• new year

    With the new year, I've been thinking about newness, and the rawness of the new--new babies, new families, and new ways of being. This article addresses this kind of experience, and the ways in which our experience can be transformed. The author wonders:

    What would it be like in winter, awake in that dark silent house, holding a baby I couldn’t even imagine? I’d always thought of the deepest part of night as the witching hour, a time, my childhood books had taught me, that was not for humans. In a month or so, I’d see the witching hour again and again.

    Then my son was born, and what shocked me most — more than the surprising goriness of my body’s healing, more than the strange sounds newborns make, more than the ferocity of my nursing-mother appetite — were the nights. Those long, dark, cold winter nights I had feared more than childbirth itself. They became something I hadn’t known a night could be: a haven. A shelter. 

    It's a lovely read for these short days, when the year is still new, and we feel ready to make changes to the ways in which we experience the world.

  • a poem for the winter solstice

    See Paris First

    by M. Truman Cooper

    Suppose that what you fear
    could be trapped,
    and held in Paris.
    Then you would have
    the courage to go
    everywhere in the world.
    All the directions of the compass
    open to you,
    except the degrees east or west
    of true north
    that lead to Paris.
    Still, you wouldn’t dare
    put your toes
    smack dab on the city limit line.
    You’re not really willing
    to stand on a mountainside
    miles away
    and watch the Paris lights
    come up at night.
    Just to be on the safe side
    you decide to stay completely
    out of France.
    But then danger
    seems too close
    even to those boundaries,
    and you feel
    the timid part of you
    covering the whole globe again.
    You need the kind of friend
    who learns your secret and says,
    "See Paris first."

  • emotion word: solastagia

    We often need words to describe our experiences and our emotions. And as our circumstances change, as our environments or our responses to our perceived environments change, we need new words. Solastalgia is one of those new words, coined to describe a new feeling in response to a new reality.

    In 2007, Glenn Albrecht wrote that "[a]s opposed to nostalgia--the melancholia or homesickness experienced by individuals when separated from a loved home--solastalgia is the distress that is produced by environmental change impacting on people while they are directly connected to their home environment." He went on to describe the process of coining this term:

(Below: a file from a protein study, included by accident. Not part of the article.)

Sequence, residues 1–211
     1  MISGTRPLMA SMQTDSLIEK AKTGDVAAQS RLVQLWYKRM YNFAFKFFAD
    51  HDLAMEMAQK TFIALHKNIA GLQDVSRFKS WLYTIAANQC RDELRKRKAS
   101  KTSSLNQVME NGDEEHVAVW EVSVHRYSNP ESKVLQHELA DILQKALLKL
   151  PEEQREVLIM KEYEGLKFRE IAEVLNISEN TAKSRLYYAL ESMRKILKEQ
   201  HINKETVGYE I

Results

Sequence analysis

Solastalgia has its origins in the concepts of ‘solace’ and ‘desolation’. Solace is derived from solari and solacium, with meanings connected to the alleviation of distress or to the provision of comfort or consolation in the face of distressing events. Desolation has its origins in solus and desolare with meanings connected to abandonment and loneliness. As indicated above, algia means pain, suffering or sickness. In addition, the concept has been constructed such that it has a ghost reference or structural similarity to nostalgia so that a place reference is imbedded. Hence, literally, solastalgia is the pain or sickness caused by the loss or lack of solace and the sense of isolation connected to the present state of one’s home and territory.

    It's a good word, I think--useful in helpng us to identify this new feeling inside many of us, that we are not at home in our home environments. These environments have changed, are rendered unfamiliar, and in some profound way, inhospitable--not because they are forbidding but simply because they are deeply different from our expectations. 

  • the fourth trimester

    I was prompted to write about this--"the fourth trimester," the three months following the birth of a full-term infant--for several reasons. First, I've been devoting a lot of time over the last two years to learning about attachment, the process by which we come to be connected to our caregivers early in our lives, and through which we come to underatand what it means to be a person, and especially, a person in relationship. And that learning begins in the fourth trimester. By twelve months, a baby has arrived at a deep understanding of how to be in relationship, of what it means to care and be cared for. 

    As this is happening for us as babies, for us as mothers? We are navigating our own changes, ranging from postpartum physical recovery to neurological and psychological changes that typically allow us to be more attuned to the needs of their babies--and often less attuned to our own needs. Partners too, when they are present, are busy coming to terms with changing relationships in the household, with the enormity of their new roles, and what it means to them. 

    I'm moved by the efforts of babies to reach out and engage the people who care for them, just as I'm moved by the efforts of those same caregivers--mothers, fathers, grandparents, and many many others--to rise to the challenge of care as best they can, all the while confronting the physical challenges of care and the profound feelings about being in relationship that typically surface at this moment.

    And then I saw an article in the New York Times that touches on this moment. It's flawed in a variety of ways--most obviously to my eyes, in its assumption of economic privilege--but it's still an important recognition of the vulnerability of this moment in the lives of families. It mentions some great new books, like The Fourth Trimester, and urges women to attend to their own well-being in a variety of ways--getting help day-by-day, getting sleep, supporting physical recuperation, supporting breastfeeding. 

    Please know that if you're seeking support at this moment, there are many local resources available to you, everything from pelvic floor therapists like those mentioned in this article, to lactation specialists and nursng mother's groups, to free support groups for women experiencing postpartum depression and anxiety, and much much more. And there are therapists like me who are ready to help you make sense of what's happening for you. 

  • the dying time of the year

    This is the time of the year when the light begins to ebb, to shorten, to fade, when we are reminded of mortality. But it is of course always with us. Children discover it in myriad ways: the broken cookie; the dead bird on the sidewalk; the death of a friend. This essay, by Monica Dux, is a meditation on the ways in which her daughter makes community and makes meaning in the wake of the death of her stick insect, Johnny: